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Trip Paperwork Covers all documentation, carnets, customs and country requirements, how to deal with insurance etc.
Photo by Bettina Hoebenreich, At the foot of the Bear Glaciers, eternal ice, British Columbia, Canada

Adventure is what you make it

Photo by Bettina Hoebenreich, at the foot of the Bear Glaciers, British Columbia, Canada.



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  #1  
Old 24 Jul 2003
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Buying a bike in Japan and driving to England

Ok, I've been looking all over the site and still have some questions. I'm planning on buying a Dirtbike in Japan and travelling across Asia and Europe (China, Vietnam, Cambodia, Thailand, Malaysia, Laos, Tibet, Nepal, China, shipping to Turkey, Greece, Italy, France, Spain, England). Here are my remaining areas of concern:
1) Buying a bike in a Japan and getting a Carnet: it seems like this is done in lots of countries and I assume Japan is no different; does anyone know about the plausibility of buying a bike in Japan and registering for a Carnet
2) Driving in China: is it possible to ferry a bike into China and be allowed to drive it?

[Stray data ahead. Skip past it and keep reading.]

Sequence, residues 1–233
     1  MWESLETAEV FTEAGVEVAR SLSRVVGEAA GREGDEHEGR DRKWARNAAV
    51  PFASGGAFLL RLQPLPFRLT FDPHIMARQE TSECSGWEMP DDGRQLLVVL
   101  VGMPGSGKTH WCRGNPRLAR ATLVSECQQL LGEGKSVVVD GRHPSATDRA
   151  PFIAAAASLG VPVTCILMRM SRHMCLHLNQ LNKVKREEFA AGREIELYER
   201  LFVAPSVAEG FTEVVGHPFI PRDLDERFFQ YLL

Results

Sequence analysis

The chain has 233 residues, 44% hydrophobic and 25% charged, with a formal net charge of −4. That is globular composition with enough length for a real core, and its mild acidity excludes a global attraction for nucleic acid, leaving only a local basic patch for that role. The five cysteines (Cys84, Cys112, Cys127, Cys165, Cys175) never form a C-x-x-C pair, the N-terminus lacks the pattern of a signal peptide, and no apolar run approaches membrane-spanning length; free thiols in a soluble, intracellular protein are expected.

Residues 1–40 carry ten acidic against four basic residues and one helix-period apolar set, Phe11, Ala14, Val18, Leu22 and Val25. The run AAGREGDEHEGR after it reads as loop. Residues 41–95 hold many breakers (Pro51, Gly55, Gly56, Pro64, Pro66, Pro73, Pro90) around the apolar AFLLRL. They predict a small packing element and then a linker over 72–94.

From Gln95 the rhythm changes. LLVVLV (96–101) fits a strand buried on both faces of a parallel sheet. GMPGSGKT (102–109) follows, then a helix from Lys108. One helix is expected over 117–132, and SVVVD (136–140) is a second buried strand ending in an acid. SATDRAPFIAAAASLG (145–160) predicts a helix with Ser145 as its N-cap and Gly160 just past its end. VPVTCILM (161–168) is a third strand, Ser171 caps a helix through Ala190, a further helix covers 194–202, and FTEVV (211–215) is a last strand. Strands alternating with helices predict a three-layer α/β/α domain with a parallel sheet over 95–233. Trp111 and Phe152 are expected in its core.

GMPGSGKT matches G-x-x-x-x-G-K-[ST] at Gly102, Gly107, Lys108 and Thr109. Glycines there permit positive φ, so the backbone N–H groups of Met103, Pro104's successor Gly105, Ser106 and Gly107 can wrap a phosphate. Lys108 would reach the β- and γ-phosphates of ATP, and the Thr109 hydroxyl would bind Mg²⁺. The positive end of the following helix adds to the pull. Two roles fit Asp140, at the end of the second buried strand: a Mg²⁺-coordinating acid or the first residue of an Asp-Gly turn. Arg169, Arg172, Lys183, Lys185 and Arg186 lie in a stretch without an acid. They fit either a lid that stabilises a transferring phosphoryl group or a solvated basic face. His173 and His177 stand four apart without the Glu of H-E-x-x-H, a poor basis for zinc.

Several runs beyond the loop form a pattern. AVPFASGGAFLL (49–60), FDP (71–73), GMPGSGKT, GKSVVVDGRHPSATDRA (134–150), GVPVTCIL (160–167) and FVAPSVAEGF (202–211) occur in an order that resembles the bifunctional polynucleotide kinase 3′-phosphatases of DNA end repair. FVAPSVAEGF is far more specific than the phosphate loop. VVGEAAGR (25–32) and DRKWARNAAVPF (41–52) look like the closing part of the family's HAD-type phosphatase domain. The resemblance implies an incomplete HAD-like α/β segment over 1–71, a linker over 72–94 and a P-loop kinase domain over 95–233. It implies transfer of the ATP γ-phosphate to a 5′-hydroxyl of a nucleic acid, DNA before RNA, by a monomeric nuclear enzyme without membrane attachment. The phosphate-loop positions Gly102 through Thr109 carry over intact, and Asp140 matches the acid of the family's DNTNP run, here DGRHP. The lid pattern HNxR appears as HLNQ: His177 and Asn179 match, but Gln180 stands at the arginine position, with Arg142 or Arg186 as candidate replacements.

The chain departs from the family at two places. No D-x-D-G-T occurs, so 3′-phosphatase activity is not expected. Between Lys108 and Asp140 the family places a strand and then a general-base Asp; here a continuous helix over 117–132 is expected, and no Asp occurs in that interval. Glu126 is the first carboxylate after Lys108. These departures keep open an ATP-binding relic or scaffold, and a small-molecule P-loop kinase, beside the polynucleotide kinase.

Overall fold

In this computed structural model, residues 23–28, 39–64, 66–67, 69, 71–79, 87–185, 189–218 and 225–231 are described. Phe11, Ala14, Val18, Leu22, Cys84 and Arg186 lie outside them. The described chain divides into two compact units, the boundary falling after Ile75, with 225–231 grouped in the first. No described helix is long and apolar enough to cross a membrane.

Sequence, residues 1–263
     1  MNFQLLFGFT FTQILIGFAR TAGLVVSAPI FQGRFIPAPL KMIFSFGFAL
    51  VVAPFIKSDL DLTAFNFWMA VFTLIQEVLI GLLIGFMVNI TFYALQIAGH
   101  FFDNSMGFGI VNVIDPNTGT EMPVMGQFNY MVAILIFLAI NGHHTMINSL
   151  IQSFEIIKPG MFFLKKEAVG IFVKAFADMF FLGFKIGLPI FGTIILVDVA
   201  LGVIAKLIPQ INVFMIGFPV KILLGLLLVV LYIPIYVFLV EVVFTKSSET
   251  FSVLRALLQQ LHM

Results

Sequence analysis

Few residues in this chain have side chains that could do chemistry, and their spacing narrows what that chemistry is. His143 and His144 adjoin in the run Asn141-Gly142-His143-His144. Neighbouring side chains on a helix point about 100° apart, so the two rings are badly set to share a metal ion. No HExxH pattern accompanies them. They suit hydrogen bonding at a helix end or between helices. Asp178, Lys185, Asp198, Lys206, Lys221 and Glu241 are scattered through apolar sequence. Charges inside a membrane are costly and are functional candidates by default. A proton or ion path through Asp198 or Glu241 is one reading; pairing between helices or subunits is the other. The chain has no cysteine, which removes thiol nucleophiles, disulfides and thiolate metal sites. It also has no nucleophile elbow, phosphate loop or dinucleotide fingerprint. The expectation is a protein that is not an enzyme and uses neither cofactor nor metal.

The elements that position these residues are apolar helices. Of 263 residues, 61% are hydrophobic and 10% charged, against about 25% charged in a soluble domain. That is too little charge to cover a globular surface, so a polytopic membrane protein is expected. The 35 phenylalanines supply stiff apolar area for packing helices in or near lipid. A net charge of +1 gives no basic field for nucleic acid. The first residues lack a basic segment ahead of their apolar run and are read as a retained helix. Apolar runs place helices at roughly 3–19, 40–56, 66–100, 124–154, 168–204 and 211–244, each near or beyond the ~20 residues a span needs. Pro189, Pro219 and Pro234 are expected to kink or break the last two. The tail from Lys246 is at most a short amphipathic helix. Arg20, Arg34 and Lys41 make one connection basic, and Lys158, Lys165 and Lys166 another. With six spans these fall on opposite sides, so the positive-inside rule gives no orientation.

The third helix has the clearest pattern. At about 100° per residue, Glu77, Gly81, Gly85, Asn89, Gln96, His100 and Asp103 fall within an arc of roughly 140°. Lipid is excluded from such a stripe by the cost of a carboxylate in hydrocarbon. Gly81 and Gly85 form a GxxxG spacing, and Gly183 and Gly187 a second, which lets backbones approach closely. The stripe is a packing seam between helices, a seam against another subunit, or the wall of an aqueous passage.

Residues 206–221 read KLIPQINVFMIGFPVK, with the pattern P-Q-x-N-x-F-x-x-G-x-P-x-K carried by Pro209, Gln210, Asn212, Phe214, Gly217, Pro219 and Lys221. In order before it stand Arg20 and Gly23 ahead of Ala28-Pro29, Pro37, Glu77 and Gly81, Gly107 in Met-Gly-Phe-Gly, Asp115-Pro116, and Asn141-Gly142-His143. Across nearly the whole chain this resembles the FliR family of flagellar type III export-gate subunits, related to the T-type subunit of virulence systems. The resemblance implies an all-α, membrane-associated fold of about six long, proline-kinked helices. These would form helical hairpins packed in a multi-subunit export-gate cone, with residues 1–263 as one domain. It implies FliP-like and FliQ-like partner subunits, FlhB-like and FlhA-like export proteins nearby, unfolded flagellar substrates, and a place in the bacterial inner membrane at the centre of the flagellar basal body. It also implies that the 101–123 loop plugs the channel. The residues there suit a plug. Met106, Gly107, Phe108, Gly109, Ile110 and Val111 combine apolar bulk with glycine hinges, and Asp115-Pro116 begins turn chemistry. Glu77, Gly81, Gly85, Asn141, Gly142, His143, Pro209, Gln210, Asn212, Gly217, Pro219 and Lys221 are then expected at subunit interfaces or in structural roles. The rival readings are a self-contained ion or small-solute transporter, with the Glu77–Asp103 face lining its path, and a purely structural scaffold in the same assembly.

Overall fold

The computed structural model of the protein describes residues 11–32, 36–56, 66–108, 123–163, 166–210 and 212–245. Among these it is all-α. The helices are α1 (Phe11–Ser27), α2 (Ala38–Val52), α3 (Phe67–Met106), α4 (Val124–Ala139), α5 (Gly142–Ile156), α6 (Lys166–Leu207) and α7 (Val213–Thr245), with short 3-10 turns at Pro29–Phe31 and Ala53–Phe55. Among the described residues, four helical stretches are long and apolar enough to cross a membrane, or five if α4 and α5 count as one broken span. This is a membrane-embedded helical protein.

3) Tibet: I've heard it's possible to drive into Tibet without dealing with the government paperwork hassles? Is this doable? If so what route would be good from China to Tibet to Nepal (sorry, I know this should be in the Routes forum)
4) Is a Carnet really needed for Nepal, India, Turkey, Greece and Italy?
5) Is getting foriegn damage and theft insurance for the bike worthwhile?
6) If shipping from India to Turkey is there any special paperwork needed?

This is my first Bike trip, and first trip to all of these countries, so any advice would be very much appreciated.
Thanks,
Tim
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  #2  
Old 24 Jul 2003
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Location: Genova, Italy - Kabul, Afghanistan
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Quote:
Originally posted by CaptainTim:
4) Is a Carnet really needed for Nepal, India, Turkey, Greece and Italy?
5) Is getting foriegn damage and theft insurance for the bike worthwhile?
This is my first Bike trip, and first trip to all of these countries, so any advice would be very much appreciated.